Research into the reasons and causes of domestic abuse is contentious, and most specialists believe that many different cultural, emotional, psychological and physical factors come into play. There are at least four sharply defended schools of thought regarding why men hit their intimate partners.
Because of the patriarchy
A foundation of mainstream feminist thought, the dominant theory of the past 40 years holds that domestic violence is the product of socially sanctioned control. Elizabeth Sheehy, professor of law at the University of Ottawa and author of Defending Battered Women on Trial, believes that men are violent toward women because they reap material rewards. "Control over another person is inherently intoxicating to many," she told me, via e-mail. "But they also gain access to women's labour in the home, to women's sexuality, to their attention, to their child-bearing and rearing, to their money, to their silence (some men hit to shut women up)."
Prof. Sheehy believes that Canada has strict domestic-violence laws, but that they're weakly enforced. Gender equality, not therapy, will be the lasting cure. "When you look at the differences among countries of the world, there is overwhelming evidence that male violence against women decreases with gains in women's equality."
Because they witnessed domestic violence growing up
According to social-learning theory and related schools of thought, some men hit because they were hit as children, or because they witnessed violence between their parents. David Adams, still a stalwart supporter of the battered-women's movement, was co-founder (in 1977) of Boston-based Emerge, which bills itself as the first counselling program for batterers in the United States. He grew up in Vermont, where his mother died partly as a result of his father's abuse. Dr. Adams didn't become an abuser – he credits other positive influences, including a woman who was a second mother to him.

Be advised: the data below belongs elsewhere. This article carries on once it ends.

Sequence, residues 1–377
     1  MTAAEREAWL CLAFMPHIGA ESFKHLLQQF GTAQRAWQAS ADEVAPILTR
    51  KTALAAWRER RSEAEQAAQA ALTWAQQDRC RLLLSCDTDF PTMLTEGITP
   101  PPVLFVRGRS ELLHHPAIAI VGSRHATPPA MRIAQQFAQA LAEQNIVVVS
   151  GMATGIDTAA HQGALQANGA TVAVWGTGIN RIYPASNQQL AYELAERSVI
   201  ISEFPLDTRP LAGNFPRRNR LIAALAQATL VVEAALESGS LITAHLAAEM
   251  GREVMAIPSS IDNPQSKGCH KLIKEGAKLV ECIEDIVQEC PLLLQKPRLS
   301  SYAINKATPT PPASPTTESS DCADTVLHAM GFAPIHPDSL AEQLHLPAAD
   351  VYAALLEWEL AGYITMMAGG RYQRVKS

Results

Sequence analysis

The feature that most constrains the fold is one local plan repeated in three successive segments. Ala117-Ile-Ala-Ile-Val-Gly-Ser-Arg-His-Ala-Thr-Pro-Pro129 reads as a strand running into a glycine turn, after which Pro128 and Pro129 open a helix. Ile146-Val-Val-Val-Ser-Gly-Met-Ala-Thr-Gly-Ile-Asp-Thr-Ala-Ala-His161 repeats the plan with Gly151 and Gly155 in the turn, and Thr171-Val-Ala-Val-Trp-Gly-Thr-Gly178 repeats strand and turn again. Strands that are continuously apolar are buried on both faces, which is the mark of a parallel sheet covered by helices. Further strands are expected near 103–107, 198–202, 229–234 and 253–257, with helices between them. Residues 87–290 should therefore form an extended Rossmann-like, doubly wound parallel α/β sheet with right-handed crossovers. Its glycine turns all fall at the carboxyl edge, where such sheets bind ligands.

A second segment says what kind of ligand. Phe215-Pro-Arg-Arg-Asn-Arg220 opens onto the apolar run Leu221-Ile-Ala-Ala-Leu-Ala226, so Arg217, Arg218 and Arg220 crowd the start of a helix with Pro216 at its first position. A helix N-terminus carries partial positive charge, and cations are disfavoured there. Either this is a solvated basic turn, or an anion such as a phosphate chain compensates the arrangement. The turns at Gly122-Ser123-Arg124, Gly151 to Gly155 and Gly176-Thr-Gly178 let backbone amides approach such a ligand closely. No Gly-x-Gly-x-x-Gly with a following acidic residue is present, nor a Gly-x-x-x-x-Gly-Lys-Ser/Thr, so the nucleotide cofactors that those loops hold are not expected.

"The power and control model is useful for understanding the frequency of male violence as a social problem. But one weakness of it is that it doesn't give enough information about why one individual man batters and another does not." Without an influence to steer them elsewhere, Dr. Adams believes, "children associate with the more powerful parent. … If you have grown up as a product of violence and fear," resorting to violence becomes a way of creating psychic, emotional and physical space.
Women don't react to witnessing abuse in the same way or with the same consequences because patriarchal expectations don't allow them to, or force them to.
Because of neurochemical imbalances
Researchers such as Kenneth Corvo at Syracuse University's School of Social Work claim domestic abuse is caused by early and lasting neurophysiological impairment. There may even be a genetic component. A 2006 study of domestic-violence perpetrators found abnormalities in the way they metabolized serotonin and testosterone (which men have in much greater abundance). It also found impaired connections between the cortex and the amygdala – which plays a crucial role in memory, decision-making and emotional reactions. All those things contribute to "overreactivity to stimuli, exaggerated fight/flight and anxiety/rage reactions, and an impaired ability to quell arousal or to cope."
Prof. Corvo later concluded in one of his own papers: "Early life stress such as abuse and related adverse experiences cause enduring brain dysfunction." In person, he says, "The data points pretty clearly to male risk factors and psychological factors, rather than the patriarchy … There's a minor influence for cultural coding. But it's so much less than for the psychological."
Because women hit men
This is the most fractious argument in the field of domestic violence. In the 1970s, the University of New Hampshire's Murray Straus, a seminal sociologist in the field of domestic violence, conducted a wide-ranging survey that revealed that women attacked men as frequently as men attacked women. He didn't believe the results, and conducted a second survey, which replicated the findings. Women's violence toward men is "the single biggest risk factor in women getting hit," says Prof. Straus, now 88.
He is, however, oversimplifying the data. Katreena Scott, a psychologist and domestic-violence researcher at the University of Toronto, worked with Dr. Straus in the past. "It's true that when we are discussing low-level violence" – i.e. the vast majority of abuse – "where there is no injury, no fear, no trauma, there is gender symmetry," says Dr. Scott. "I often call this stuff 'relationship violence.' Men and women do swear, yell, slap, push and grab each other in anger and frustration at about equal rates."
But, she says, when the violence becomes more severe, and is measured by impact – "when it promotes fear, when it leads victims to start to change their behaviour to avoid being abused, when it is potentially injurious or lethal, men predominate as perpetrators." In work to be published this spring, Prof. Scott has examined power differentials within couples – not only related to gender, but also to which partner controls access to housing or immigration status. "It looks to me like the fundamental feminist assumption around power differences holds," she says. "The person with the least power is the one likely to be abused, and this is true regardless of whether they are men or women."